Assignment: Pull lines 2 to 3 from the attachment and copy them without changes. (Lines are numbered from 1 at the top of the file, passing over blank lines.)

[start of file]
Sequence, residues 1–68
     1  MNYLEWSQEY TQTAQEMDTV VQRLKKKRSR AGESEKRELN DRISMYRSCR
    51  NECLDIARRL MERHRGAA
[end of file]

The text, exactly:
     1  MNYLEWSQEY TQTAQEMDTV VQRLKKKRSR AGESEKRELN DRISMYRSCR
    51  NECLDIARRL MERHRGAA